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Table 3 Antibodies and encephalitic syndromes in children and adolescents

From: Autoimmune encephalitis in children and adolescents

Antibodies againstSyndromesFurther reading
NMDAREncephalopathy[25, 28]
GAD65Limbic (and extralimbic) encephalitis, stiff-man-syndrome (SMS)/progressive encephalomyelitis with rigidity and myoclonus (PERM)[41,42,43,44]
LGI1Mainly limbic encephalitis[34, 35]
CASPR2Mainly diffuse encephalitis, encephalopathy or seizure disorder[34]
LGI1 and CASPR2 (double positive)Mainly Morvan syndrome or neuromyotonia[34]
GlyRSMS/PERMa[45]
γ-aminobutyric acid-A receptor (GABAAR)Encephalitis[46,47,48]
γ-aminobutyric acid-B receptor (GABABR)Encephalitis with opsoclonus, ataxia, chorea, and seizures[49]
Onconeural antigens (Hu and others)Mostly paraneoplastic limbic encephalitis[41, 50,51,52]
GQ1bBickerstaff brainstem encephalitis[40]
mGluR1CerebellitisOwn unpublished observation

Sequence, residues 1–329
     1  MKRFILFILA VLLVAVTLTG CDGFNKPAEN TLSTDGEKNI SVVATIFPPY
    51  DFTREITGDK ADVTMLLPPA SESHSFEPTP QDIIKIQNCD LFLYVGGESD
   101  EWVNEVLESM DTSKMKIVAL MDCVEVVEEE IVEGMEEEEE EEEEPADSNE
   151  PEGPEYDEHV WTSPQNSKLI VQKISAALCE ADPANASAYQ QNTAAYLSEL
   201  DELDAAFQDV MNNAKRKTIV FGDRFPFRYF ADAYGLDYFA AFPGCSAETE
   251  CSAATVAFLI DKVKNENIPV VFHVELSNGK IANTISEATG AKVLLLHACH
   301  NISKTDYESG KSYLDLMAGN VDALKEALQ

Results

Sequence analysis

mGluR5Encephalitis with cognitive and psychiatric problems, seizures[53]
Basal ganglia (dopamine receptor 2 [DR2])bBasal ganglia encephalitis, chorea minor Sydenham, Tourette’s syndrome[54,55,56]
  1. aGlyR with syndromes different from SMS/PERM are probably non-specific [8]
  2. bThese antibodies were originally described in 12 pediatric patients with basal ganglia encephalitis or Sydenham chorea (chorea minor), occasionally Tourette’s syndrome (not, however, in Pediatric Autoimmune Neuropsychiatric Disorders Associated with Streptococcal Infections [PANDAS]) [54]. Until now, these results have not been reproduced by other laboratories